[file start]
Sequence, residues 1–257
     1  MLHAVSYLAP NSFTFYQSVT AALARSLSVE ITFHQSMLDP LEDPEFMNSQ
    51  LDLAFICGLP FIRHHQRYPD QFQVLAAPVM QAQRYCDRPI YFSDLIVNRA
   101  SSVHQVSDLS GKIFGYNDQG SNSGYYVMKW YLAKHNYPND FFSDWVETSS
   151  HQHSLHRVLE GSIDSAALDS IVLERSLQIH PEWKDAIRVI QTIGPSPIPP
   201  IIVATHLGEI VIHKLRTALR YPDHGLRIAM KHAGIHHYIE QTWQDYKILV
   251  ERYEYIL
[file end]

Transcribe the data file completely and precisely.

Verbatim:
Sequence, residues 1–257
     1  MLHAVSYLAP NSFTFYQSVT AALARSLSVE ITFHQSMLDP LEDPEFMNSQ
    51  LDLAFICGLP FIRHHQRYPD QFQVLAAPVM QAQRYCDRPI YFSDLIVNRA
   101  SSVHQVSDLS GKIFGYNDQG SNSGYYVMKW YLAKHNYPND FFSDWVETSS
   151  HQHSLHRVLE GSIDSAALDS IVLERSLQIH PEWKDAIRVI QTIGPSPIPP
   201  IIVATHLGEI VIHKLRTALR YPDHGLRIAM KHAGIHHYIE QTWQDYKILV
   251  ERYEYIL